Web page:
Article i 'Tidsskrift for arbejdsliv' no.3 1999, page 47-58.
English resume

Ideology and the Changing Regulation of the Labour Market

A British Perspective

Peter Seglow

The article attempts to explain the paradox that while the strength and influence of organised labour is declining and collective bargaining is becoming less and less important in setting pay and conditions, in many respects the position of employed workers in the labour market has improved and is continuing to do so.

The author analyses the ideological shift from collectivism to liberalism and individualism. It was strongly promoted by the British governments between 1979 and 1997, but also by other governments and social forces. He points out that although the increased power given to the market has weakened trade unionism, it appears that new rights, achieved mainly at the European Union level, has pulled in the opposite direction.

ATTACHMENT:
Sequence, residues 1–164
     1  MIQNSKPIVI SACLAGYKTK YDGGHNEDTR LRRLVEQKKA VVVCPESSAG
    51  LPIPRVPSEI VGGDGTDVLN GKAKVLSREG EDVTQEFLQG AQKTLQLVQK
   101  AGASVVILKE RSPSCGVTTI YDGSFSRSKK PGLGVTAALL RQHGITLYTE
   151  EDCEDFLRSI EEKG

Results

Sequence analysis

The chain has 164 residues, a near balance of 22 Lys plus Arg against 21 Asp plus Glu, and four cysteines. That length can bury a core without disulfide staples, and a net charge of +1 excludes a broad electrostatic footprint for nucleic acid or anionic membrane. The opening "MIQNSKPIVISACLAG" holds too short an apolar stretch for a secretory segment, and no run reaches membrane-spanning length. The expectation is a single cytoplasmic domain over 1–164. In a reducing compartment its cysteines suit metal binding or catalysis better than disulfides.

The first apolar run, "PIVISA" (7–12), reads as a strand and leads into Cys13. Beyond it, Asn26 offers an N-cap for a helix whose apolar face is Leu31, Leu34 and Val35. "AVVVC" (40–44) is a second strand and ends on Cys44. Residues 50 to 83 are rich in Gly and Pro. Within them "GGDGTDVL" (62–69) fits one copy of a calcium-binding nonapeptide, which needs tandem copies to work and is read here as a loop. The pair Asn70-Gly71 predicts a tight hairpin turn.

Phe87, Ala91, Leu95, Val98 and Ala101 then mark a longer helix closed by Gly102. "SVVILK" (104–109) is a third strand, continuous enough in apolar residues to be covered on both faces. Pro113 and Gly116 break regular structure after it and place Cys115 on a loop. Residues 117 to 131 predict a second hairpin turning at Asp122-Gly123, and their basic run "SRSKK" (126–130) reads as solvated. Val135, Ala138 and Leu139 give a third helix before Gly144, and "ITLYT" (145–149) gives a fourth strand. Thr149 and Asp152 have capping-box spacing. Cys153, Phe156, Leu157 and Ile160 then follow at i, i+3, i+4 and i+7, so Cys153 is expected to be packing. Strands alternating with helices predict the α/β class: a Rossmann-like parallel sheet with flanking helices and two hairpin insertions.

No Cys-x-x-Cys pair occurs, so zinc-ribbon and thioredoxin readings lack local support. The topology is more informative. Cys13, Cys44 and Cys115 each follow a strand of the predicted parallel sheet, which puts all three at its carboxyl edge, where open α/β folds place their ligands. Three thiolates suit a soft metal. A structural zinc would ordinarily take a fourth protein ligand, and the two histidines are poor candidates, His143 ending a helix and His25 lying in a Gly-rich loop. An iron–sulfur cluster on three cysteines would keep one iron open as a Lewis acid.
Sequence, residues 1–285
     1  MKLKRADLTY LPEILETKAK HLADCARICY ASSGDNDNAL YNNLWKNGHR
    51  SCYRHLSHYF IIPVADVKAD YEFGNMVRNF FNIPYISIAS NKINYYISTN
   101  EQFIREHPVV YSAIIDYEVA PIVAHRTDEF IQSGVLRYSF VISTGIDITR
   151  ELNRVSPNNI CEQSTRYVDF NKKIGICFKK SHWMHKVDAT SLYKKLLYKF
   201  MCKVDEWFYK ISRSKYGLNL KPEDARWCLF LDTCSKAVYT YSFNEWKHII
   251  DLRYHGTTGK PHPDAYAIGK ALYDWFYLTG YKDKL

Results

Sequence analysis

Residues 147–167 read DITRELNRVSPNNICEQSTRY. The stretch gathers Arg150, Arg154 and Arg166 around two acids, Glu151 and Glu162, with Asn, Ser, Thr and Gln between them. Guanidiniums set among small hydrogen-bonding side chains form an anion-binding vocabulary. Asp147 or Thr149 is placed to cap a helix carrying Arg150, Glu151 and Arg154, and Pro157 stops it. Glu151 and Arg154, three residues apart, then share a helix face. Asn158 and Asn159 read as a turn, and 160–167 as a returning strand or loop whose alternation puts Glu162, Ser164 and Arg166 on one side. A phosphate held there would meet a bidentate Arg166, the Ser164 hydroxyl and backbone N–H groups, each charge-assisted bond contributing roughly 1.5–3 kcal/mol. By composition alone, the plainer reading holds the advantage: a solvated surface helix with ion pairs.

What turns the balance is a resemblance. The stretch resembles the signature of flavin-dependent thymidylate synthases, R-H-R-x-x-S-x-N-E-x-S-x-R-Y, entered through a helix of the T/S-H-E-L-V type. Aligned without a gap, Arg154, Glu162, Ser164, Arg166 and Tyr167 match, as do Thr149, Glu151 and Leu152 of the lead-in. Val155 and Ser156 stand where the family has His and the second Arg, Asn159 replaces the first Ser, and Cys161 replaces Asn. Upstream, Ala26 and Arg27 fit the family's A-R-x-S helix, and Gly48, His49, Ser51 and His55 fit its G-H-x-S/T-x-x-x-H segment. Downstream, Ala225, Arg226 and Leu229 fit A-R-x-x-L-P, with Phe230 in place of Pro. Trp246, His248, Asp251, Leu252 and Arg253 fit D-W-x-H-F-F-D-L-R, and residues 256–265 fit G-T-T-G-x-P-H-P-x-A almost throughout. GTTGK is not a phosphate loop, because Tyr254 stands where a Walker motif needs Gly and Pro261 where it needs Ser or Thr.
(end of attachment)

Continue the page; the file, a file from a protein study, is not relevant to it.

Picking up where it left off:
In Britain and other countries where collective bargaining has lost ground trade unions will have to redefine their field of activity. One important task is to secure that the legal rights of workers are actually enforced at workplace level and that legal cases are taken up if rights are violated. Another is pressure group activity at the European level aimed at the continuing extension of workers' rights.

Tidsskrift for arbejdsliv

(Journal for Working Life)




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